Although Pentecostal worship and practice emphasize glossolalia, William declared that the meetings were not a single-note revival. He told worshippers, “Don’t go out of here talking about tongues; talk about Jesus.” He also preached that displaying the gifts of the Spirit and bearing the fruit of the Spirit go hand-in-hand.
At the Apostolic Faith Gospel Mission, a person’s race didn’t matter. One observer noted, “The ‘color line’ was washed away in the blood.” Stories of the Azusa Street revival kept spreading. Worshippers of various nationalities visited from other countries, including China.
As events, spiritual revivals last for only a few years. Their influence, however, can make a difference at the moment and for many generations to follow. The lasting impact of William Seymour’s meetings at Azusa Street was a worldwide spread of Pentecostalism. Right away within the United States, new church groups sprang up.
A few of the organizations tracing their doctrine and practice to Azusa Street include The Church of God of Cleveland, Tennessee ( which officially became Pentecostal in 1908), the Apostolic Faith Church, and The Assemblies of God (organized in Hot Springs, Arkansas in 1914). By then, thousands of former Holiness churches wore the Pentecostal label. When William Seymour died in 1922, dozens of church groups existed as children of Azusa Street. The 1960s would begin a new wave of Pentecostalism when the charismatic movement tapped people in centuries-old mainline churches.According to historian Vinson Synan, today as much as a quarter of Christians worldwide identify themselves as Pentecostal or charismatic.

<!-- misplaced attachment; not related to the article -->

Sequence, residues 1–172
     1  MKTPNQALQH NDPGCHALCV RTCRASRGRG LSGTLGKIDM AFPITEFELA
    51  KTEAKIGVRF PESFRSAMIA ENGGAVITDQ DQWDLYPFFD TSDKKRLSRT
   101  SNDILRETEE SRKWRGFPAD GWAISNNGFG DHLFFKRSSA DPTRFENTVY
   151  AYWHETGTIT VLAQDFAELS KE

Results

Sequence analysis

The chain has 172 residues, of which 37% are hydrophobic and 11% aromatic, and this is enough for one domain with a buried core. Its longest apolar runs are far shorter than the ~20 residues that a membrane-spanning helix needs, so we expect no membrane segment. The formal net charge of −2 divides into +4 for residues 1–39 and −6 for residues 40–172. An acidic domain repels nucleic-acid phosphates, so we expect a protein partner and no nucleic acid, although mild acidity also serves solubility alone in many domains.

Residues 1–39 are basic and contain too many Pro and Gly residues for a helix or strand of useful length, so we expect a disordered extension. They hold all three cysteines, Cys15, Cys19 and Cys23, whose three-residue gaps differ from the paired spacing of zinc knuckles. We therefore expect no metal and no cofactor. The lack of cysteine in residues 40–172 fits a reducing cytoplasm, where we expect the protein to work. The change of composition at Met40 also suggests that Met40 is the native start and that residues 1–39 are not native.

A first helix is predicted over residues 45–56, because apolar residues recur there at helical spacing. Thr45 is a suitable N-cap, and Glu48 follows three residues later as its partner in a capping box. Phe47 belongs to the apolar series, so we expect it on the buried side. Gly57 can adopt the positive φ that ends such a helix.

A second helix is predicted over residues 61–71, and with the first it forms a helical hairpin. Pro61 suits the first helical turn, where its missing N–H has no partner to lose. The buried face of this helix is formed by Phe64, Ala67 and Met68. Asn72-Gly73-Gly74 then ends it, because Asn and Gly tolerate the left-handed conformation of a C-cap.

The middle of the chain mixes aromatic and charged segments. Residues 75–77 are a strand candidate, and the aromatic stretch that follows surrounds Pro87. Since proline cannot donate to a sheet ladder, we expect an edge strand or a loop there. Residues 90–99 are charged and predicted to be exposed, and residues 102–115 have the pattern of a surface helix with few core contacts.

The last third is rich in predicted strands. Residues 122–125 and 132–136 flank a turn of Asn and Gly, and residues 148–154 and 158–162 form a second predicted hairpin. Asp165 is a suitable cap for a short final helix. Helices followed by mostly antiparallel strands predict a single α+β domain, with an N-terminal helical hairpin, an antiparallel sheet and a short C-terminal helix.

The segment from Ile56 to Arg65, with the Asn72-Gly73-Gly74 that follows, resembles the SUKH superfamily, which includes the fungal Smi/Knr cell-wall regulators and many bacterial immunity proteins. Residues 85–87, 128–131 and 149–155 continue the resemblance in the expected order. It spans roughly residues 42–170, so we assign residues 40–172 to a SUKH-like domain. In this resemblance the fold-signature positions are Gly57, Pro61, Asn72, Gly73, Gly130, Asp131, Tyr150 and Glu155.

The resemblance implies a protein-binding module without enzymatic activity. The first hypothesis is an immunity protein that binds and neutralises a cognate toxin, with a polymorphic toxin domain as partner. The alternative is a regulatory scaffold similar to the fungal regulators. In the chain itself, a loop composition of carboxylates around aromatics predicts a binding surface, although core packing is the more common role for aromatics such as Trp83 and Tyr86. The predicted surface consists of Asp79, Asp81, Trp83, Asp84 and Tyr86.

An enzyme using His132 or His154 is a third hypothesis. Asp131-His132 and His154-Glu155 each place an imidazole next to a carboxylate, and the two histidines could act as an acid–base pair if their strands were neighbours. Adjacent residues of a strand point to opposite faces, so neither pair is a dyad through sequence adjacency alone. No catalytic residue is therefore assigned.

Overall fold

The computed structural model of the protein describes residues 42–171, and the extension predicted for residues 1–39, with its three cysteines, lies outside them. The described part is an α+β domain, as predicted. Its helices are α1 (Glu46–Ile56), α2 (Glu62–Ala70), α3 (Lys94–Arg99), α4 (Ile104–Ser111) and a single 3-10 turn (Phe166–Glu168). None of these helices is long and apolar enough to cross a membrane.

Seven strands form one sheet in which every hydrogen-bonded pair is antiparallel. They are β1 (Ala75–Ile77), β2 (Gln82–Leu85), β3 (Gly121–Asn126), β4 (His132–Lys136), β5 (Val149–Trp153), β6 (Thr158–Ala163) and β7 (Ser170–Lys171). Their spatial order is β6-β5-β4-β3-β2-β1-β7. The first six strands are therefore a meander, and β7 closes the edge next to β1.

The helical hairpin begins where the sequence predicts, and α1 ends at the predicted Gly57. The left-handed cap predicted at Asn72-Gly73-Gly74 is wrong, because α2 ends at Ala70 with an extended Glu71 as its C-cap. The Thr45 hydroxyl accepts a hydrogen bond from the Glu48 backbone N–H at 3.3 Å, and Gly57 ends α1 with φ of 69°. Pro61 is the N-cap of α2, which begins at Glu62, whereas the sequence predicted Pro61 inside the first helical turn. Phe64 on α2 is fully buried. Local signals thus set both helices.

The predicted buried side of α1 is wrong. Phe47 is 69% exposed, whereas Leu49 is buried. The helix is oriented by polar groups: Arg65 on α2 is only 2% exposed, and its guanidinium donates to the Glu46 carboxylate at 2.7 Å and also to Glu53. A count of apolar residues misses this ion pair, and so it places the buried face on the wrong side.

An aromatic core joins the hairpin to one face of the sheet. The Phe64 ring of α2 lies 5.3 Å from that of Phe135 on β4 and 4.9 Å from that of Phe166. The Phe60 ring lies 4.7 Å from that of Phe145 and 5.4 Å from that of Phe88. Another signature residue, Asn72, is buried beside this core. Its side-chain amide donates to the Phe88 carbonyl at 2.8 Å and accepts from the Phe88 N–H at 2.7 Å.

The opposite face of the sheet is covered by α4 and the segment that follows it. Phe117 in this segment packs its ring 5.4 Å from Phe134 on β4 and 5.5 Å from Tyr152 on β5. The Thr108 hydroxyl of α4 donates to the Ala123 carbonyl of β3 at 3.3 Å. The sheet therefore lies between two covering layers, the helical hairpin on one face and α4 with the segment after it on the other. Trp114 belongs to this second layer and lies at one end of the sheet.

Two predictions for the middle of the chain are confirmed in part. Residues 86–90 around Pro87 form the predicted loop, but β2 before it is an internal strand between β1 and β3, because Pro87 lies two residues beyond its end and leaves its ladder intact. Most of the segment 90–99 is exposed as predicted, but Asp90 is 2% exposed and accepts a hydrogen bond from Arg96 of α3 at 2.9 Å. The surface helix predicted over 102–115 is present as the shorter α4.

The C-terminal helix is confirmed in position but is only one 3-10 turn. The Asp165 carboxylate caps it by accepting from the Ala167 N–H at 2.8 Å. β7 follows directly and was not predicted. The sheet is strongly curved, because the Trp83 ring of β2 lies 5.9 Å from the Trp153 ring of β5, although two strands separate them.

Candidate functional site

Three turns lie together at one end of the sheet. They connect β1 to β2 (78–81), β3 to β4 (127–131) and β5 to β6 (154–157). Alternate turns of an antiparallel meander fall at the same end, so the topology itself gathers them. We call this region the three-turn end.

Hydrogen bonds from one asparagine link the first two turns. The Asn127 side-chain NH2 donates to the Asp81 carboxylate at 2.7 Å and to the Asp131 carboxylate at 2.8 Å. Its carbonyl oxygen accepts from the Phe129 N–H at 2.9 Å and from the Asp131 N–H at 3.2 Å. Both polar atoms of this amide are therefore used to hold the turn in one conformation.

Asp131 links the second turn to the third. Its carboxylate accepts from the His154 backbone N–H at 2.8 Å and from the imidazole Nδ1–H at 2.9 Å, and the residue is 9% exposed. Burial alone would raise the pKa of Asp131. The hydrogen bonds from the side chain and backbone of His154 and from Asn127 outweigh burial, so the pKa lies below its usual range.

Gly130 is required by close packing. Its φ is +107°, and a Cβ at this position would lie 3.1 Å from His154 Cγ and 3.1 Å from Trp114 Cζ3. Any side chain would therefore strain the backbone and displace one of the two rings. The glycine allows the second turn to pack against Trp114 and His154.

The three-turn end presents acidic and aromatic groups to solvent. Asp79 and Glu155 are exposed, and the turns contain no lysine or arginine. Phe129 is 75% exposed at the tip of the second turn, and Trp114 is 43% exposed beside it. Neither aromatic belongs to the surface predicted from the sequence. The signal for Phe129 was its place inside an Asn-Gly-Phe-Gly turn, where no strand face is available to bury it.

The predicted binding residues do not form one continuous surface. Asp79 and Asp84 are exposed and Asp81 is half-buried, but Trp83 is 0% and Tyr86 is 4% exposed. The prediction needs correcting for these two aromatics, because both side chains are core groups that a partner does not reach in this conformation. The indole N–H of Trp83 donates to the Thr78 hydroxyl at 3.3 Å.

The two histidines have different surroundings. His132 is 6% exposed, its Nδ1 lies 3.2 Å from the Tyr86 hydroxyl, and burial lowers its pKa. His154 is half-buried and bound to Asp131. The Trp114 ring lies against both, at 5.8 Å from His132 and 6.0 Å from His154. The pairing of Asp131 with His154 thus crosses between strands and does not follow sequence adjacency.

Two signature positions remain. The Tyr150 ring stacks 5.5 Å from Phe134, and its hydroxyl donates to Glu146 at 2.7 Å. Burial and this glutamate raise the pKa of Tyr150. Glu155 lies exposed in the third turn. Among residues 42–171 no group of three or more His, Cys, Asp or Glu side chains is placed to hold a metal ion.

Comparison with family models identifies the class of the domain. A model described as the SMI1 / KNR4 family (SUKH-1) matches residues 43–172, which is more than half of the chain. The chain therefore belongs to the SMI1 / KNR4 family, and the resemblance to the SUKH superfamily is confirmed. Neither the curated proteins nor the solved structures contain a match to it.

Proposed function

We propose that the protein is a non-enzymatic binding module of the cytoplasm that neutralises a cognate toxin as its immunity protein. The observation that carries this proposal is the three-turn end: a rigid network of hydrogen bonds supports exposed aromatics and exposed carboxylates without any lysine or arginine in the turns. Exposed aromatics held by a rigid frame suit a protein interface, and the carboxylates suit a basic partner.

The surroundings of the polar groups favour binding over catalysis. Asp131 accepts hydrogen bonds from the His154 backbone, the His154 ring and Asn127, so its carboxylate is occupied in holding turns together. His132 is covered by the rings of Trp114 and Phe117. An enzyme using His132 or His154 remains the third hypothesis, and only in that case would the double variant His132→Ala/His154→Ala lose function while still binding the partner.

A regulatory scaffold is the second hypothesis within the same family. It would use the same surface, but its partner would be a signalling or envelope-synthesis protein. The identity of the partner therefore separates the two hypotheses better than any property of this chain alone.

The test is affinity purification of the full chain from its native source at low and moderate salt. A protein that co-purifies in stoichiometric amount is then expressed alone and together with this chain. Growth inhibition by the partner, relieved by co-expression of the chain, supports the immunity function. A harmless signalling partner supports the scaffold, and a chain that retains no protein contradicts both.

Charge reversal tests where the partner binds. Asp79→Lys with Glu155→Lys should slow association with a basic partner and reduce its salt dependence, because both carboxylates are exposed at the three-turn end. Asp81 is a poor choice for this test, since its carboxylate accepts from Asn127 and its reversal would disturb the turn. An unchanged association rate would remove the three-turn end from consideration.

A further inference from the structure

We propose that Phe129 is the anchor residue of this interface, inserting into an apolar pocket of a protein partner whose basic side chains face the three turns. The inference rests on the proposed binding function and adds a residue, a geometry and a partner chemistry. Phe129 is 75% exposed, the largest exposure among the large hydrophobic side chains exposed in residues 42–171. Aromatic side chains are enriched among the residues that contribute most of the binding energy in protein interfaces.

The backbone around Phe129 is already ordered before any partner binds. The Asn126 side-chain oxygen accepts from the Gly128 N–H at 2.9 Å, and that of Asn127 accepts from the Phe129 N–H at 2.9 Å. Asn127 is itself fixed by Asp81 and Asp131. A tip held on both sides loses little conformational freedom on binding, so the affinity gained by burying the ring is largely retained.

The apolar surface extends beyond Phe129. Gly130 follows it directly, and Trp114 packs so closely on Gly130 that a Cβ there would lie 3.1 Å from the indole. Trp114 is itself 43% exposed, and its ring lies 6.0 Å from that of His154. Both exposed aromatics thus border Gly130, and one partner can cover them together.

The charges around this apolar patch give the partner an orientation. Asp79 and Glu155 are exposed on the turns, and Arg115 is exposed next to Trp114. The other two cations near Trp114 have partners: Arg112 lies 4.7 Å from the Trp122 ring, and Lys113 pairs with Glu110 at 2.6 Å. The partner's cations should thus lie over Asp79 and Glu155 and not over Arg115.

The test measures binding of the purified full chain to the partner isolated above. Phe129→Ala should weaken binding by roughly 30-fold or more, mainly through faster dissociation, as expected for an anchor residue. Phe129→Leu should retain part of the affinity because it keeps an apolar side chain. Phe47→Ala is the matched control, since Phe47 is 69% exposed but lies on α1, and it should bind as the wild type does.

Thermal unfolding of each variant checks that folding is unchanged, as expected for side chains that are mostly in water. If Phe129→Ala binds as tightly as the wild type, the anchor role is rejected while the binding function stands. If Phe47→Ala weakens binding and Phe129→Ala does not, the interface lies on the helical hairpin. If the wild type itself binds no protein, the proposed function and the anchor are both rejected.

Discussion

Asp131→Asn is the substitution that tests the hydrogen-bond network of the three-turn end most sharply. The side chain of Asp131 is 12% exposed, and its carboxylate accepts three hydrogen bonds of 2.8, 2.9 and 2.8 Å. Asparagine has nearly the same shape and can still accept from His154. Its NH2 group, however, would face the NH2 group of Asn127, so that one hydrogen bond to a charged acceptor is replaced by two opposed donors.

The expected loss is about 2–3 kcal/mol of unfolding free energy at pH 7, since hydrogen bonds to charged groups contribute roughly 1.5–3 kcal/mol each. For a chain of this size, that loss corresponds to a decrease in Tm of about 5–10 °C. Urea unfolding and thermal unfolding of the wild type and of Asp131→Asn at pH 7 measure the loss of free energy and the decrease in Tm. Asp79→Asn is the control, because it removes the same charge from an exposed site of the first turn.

The Azusa Street model also set the tone for more racially integrated, classless congreg-ations. Sadly, racial discrimination would continue to thrive for decades in churches throughout the United States.
WILLIAM, DURING AND AFTER REVIVAL
William Seymour was a humble man. During the height of his meetings, other congregations sprang up in Los Angeles, offering the same message. Each new work usually took a few of his sheep. More than once, William advertised the other meetings.He eventually married Jennie Evans Moore. Afterwards, disapproval from Clara Lum, the editor of The Apostolic Faith, led her to leave town with most of the mailing list. That diminished William’s influence among people in other states.
William traveled and preached. He ministered throughout the Midwest and the South. He remained the pastor of the Apostolic Faith Gospel Mission until his death.
William left this life on September 28, 1922, following a heart attack. His wife, Jennie, led the Azusa Street congregation until her death in 1936.
- Burgess, Stanley, ed. The New International Dictionary of Pentecostal and Charismatic Movements. Grand Rapins, MI: Zondervan, 2002.
- Larsen, Timothy, ed. Biographical Dictionary of Evangelicals. Downers Grove, IL: InterVarsity Press, 2003.
- Rabey, Steve and Onte Unger. Milestones: 50 Events of the 2oth Century that Shaped Evangelicals in America. Nashville, TN: Broadman & Holman Publishers, 2002.
- Synan, Vinson. “William Seymour.” Christian History 65, (2000): 17-19.
- Books about William Seymour and the Azusa Street Gospel Mission can be here at Christian Book Distributors- http://www.christianbook.com/Christian/Books/easy_find?Ntt=william+seymour+azusa+street&N=0&Ntk=keywords&action=Search&Ne=0&event=ESRCG&nav_search=1&cms=1&search=.
- The books at Amazon.com begin on this page- http://www.amazon.com/gp/search/ref=a9_sc_1?rh=i%3Aaps%2Ck%3Awilliam+seymour+azusa+street&keywords=william+seymour+azusa+street&ie=UTF8&qid=1398893957.
- Here’s a link to the William Seymour YouTube channel- http://www.youtube.com/results?search_query=william+seymour+azusa+street+revival.